Friday, February 22, 2008

Trellis Scarf

My Trellis Scarf is finished! The bulk of the scarf took 3 weeks to finish, then I spent another week knitting and frogging the finishing border. I read on Ravelry how people were unhappy with the finishing border ending straight across when the beginning border has points. Turns out, just working the beginning border backwards does NOT give you the reverse! I figured it out though, or at least well enough to give a pointy finish without having to block the bejeezus out of it (which can be done with the pattern as written if you bind off loosely enough). Did I mention my blocking pins have all gone AWOL? Haven't a clue where they are. Probably on a warm beach somewhere.

So, here it is!
Trellis Scarf
Pattern: Trellis Scarf
Designer: Evelyn A. Clark
Source: Interveave Knits Spring 2006
Yarn: KnitPicks Shadow, Jewels
Needles: US5
Began: 1/19/2008
Finished: 2/20/2008

Trellis finishing border
Here's what I did to get the ending to match the beginning: When you reach the end of the 23rd repeat, as in the pattern, work the first 8 rows of the Lace chart in the pattern, then the first 4 rows of the Ending Border. For the 5th row, and every following odd row, create a "point" in the stockinette section of the pattern repeat by making the center stitch (this is the stitch immediately to the right of the pattern repeat box) into three stitches by knitting into the front, then the back, then the front again of the center stitch without dropping the stitch from the left needle (k(FBF)). After you have created the three stitches from one, drop it off the left needle. To accomodate the two new stitches in the center of the repeat, you need to decrease at the left and right sides of the "triangle" using k2tog on the right side and ssk on the left.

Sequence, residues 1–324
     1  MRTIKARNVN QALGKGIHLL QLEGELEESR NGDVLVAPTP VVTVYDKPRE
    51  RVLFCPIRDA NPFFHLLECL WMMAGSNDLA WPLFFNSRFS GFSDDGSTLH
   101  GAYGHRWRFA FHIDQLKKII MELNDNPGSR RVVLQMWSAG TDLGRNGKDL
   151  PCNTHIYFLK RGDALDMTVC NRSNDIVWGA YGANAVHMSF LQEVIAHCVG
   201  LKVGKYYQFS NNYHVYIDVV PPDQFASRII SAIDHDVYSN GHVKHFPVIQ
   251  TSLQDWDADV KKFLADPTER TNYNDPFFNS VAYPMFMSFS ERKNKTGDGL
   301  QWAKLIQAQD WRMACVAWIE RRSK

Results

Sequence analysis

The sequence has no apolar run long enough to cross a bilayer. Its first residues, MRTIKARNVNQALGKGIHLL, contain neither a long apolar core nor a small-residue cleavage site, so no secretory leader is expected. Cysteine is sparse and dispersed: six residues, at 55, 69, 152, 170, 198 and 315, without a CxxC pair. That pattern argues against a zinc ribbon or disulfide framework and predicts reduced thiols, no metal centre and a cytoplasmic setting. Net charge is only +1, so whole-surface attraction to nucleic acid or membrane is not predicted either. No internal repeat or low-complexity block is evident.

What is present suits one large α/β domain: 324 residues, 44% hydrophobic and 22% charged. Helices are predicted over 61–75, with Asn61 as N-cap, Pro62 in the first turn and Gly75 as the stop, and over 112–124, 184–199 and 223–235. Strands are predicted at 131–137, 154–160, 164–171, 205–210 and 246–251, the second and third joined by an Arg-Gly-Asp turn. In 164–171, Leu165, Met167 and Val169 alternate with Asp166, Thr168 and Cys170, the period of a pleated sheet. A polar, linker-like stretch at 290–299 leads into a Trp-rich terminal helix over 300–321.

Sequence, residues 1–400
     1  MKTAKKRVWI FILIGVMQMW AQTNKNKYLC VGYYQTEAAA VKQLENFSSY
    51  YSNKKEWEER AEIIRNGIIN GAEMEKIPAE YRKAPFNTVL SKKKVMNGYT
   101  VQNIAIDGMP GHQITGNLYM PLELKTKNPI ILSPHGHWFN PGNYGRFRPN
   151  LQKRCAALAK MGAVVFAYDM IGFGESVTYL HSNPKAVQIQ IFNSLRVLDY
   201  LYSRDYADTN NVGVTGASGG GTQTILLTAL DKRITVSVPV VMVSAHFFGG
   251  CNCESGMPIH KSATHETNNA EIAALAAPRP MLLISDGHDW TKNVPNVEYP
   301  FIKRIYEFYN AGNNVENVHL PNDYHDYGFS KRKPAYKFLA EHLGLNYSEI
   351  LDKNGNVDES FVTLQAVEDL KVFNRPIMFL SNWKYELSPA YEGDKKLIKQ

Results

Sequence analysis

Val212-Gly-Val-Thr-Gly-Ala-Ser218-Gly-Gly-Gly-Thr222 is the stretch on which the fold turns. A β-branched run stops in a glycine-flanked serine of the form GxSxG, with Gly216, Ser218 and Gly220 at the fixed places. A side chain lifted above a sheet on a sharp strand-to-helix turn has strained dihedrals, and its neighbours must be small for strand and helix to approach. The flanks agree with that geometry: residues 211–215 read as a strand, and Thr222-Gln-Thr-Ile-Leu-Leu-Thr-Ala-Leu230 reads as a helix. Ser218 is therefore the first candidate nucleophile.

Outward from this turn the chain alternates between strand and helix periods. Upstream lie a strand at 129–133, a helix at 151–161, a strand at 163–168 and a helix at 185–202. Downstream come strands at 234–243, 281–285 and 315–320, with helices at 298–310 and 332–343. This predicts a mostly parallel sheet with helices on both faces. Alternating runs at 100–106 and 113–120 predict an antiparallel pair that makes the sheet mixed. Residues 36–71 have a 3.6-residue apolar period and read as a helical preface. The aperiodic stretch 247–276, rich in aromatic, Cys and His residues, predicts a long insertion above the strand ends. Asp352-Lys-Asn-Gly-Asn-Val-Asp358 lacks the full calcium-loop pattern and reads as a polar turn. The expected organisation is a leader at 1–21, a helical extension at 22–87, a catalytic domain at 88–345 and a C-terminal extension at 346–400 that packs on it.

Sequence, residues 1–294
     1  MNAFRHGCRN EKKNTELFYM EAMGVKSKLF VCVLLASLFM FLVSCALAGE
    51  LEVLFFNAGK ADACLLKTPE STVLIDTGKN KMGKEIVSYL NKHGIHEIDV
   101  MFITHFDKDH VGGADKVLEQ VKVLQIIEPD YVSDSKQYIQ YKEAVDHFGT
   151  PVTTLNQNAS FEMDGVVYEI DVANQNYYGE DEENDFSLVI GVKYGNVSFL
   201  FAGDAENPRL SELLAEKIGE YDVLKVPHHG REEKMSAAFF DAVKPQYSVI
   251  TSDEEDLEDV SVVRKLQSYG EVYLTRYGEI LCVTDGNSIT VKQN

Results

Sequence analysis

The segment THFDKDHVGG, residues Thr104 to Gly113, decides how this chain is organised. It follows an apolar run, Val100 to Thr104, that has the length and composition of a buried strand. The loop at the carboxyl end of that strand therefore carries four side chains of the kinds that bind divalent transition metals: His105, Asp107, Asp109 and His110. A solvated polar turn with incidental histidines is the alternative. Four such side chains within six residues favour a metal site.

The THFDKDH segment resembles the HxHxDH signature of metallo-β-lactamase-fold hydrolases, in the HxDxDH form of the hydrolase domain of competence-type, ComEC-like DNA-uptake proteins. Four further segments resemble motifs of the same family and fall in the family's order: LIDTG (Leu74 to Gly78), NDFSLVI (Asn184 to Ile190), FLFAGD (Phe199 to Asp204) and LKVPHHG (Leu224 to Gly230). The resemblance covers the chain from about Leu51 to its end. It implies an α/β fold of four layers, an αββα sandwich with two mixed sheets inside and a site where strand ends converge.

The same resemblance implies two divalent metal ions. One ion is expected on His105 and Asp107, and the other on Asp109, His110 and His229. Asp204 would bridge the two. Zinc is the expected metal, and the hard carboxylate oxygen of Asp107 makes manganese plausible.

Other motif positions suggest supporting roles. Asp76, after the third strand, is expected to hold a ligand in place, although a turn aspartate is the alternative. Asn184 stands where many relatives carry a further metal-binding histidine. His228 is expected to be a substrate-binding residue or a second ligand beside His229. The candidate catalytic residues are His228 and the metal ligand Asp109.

So, for Row 5: sl 1 pwise wyf k2tog yo k2tog k yo k2tog k k(FBF) *k ssk yo k ssk yo sk2p yo k2tog k yo k2tog k k(FBF)* k ssk yo k ssk yo ssk k

The stitches in red above are the alterations from the original chart. If you have the pattern, hopefully you will be able to see easily how this propagates up the chart.

Here's my attempt at a chart, made in Excel. I hope it is clear enough to print! You can email me or pm me through Blogger if you want me to email you the Excel spreadsheet.


From top to bottom: my "new" Ending Border, the border as written in the pattern, and the Beginning Border (placed upside down for comparison).

So now what?
Stashbusting - socks and lace
WIPbusting - the quilt I started cutting out pieces for
budgetbusting - order more stuff for spinning. I decided to get a tensioned lazy Kate and some bobbins for plying, because the balls-of-energized-singles-in-a-coffee-mug just isn't working out. I tried to make a Kate out of a shoebox, as shown here, but it just isn't working at all for me. Now, the Kate and bobbins aren't all that expensive, but they only get me half way to free shipping, so I should order a new spindle and some fiber to get to that free shipping minimum, right?

I'll have to think about it some more.

Monday, February 04, 2008